Carole Facal’s atypical journey once again captivates listeners with the release of her fourth, electro pop-tinged album. It’s obvious even on the first listen: Symbolism sees Caracol elegantly and masterfully treading new artistic paths.

CaracolWorking with Los Angeles producer Joey Waronker (Beck) and husband and producer Seb Ruban (ex-DJ Champion guitarist, who’s also worked with Radio Radio), singer-songwriter Carole Facal, aka Caracol, presents us with a new batch of English songs, served over a bed of synths and beats.

Five years after her latest effort, in a solo career that started in 2008, the ex-member of Dobacaracol has previously released three albums – L’arbre aux parfums, Blanc mercredi and Shiver – as well as an EP, Les yeux transparents, released earlier this year.

During that hiatus, the mother of three wrote lyrics for Valérie Carpentier and Ludovic Bourgeois, winners of the talent contest La Voix [the Québec franchise of The Voice TV singing copetition], and, more recently, for New Brunswick singer David Myles (over half of the songs on his most recent Francophone album). “That’s how I earn a living: copyrights,” he says. That’s why she set up her own publishing company, Lady, which handles all her other projects besides Caracol.

And don’t expect her to bore us to tears with any pretensions her album might contain. “Give me a pen and a piece of paper and I’ll write you a song,” she says. “My life ain’t boring, I’ve got plenty of subjects to write about. I’m constantly inspired, constantly writing,” she told us recently, in the offices of her record label, Indica.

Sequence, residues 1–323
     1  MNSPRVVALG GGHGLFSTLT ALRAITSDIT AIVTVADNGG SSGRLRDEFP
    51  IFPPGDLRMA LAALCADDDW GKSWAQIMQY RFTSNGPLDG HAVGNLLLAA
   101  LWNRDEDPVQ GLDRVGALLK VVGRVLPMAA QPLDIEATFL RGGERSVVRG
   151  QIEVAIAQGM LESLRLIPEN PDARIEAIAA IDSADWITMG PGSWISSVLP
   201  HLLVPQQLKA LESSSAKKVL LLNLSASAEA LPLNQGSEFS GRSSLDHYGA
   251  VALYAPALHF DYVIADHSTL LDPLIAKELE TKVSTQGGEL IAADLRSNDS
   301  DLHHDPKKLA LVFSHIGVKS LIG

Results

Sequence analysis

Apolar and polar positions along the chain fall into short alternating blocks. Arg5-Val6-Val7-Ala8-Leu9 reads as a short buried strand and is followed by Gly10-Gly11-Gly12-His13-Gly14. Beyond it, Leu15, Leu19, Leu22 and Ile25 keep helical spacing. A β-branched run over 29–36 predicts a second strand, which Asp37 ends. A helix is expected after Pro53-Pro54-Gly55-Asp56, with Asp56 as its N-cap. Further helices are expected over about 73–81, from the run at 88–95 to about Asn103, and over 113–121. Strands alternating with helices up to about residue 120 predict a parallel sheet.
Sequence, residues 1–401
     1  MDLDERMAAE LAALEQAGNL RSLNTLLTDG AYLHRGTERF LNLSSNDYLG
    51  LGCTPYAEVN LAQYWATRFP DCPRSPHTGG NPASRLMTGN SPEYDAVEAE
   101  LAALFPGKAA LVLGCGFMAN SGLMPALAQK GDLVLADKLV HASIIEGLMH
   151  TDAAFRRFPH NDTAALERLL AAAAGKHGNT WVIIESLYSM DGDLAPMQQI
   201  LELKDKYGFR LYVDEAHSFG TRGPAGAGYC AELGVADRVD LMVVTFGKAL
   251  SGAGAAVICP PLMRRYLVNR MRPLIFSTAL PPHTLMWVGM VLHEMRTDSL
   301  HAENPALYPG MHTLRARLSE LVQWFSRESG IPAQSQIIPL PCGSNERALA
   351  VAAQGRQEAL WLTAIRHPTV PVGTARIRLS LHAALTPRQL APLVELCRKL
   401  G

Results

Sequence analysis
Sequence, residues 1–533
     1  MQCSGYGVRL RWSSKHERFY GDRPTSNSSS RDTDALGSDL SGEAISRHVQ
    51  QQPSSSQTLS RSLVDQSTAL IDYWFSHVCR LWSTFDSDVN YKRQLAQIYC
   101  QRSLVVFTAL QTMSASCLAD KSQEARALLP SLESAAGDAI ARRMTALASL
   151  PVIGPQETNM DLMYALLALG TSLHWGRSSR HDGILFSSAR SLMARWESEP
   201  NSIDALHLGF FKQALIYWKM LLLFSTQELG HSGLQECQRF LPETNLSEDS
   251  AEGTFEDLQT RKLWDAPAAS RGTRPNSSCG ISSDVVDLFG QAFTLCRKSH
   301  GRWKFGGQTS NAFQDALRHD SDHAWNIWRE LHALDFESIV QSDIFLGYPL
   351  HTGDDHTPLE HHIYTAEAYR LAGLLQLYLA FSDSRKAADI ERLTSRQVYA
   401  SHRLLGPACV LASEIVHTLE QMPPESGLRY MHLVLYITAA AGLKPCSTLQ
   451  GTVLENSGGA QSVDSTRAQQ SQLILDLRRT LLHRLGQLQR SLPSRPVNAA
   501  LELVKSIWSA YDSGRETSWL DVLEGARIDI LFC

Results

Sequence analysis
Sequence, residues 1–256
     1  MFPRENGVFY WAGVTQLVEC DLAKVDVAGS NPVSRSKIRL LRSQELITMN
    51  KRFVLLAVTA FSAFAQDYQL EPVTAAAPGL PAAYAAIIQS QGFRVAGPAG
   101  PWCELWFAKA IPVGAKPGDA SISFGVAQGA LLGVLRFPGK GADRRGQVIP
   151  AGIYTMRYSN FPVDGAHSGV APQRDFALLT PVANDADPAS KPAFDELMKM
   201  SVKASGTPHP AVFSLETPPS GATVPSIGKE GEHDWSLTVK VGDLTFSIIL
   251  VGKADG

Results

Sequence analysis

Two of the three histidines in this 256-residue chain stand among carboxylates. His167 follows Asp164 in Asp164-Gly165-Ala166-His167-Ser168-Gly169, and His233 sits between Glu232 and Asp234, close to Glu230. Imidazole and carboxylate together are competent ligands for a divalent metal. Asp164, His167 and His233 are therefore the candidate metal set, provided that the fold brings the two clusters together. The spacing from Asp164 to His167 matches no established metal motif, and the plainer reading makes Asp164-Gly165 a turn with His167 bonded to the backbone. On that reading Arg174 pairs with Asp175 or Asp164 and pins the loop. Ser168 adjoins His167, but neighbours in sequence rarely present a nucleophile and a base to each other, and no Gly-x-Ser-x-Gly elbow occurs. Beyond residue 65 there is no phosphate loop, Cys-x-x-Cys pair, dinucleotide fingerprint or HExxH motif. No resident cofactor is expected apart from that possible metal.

“Song camps have set off a creative explosion in my brain.”

Symbolism is a kind of rebellious spirit,” she says, “like when I used to snowboard (100 days a year, including several competitions), the return to a more savage birth. When I was a teen in Sherbrooke, I was into punk rock, and my favourite band was Grimskunk.” It’s no coincidence that Franz Schuller, Grimskunk’s frontman and Indica label boss, was also her manager for 13 years.

“My inspiration comes from one event to another,” says Caracol. “[That’s been the case] since 2015, when I was lucky enough to spend two weeks at the SOCAN House in Los Angeles, and to participate in the Kenekt Song Camp. I didn’t have a specific plan, I was going on intuition, and it turns out I was inspired by the symbolism of those encounters, and 75% of the album was written there. Since then, I’ve been doing a lot more co-writes, like American songwriters do. These song camps have set off a creative explosion in my brain, and helped me get out of my usual patterns.”

The most immediately striking thing about Symbolism – aside from Caracol’s unique voice – is a feeling of musical maturity. There’s a lot going on, instrumentally speaking. “I’ve re-connected with percussion and beats, more tribal, more pop, but I wasn’t sure if my audience would get it,” she says. “I had this history that I wasn’t banking on enough, and my music is a hybridization of genres, my strength is being able to gather a wide variety of things.